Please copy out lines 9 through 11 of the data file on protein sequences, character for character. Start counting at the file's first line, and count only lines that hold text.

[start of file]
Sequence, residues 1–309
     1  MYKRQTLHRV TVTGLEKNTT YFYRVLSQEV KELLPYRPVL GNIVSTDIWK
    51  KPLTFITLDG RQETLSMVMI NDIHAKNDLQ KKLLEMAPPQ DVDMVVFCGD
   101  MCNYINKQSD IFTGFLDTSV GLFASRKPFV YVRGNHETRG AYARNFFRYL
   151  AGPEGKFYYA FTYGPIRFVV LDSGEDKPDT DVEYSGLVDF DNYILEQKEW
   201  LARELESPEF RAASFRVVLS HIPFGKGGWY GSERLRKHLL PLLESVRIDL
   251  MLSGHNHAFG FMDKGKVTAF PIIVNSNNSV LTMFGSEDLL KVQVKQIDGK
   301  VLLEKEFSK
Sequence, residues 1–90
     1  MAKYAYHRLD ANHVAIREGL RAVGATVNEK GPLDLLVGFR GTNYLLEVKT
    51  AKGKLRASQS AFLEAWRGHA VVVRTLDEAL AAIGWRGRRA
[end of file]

Sequence, residues 1–90
     1  MAKYAYHRLD ANHVAIREGL RAVGATVNEK GPLDLLVGFR GTNYLLEVKT
    51  AKGKLRASQS AFLEAWRGHA VVVRTLDEAL AAIGWRGRRA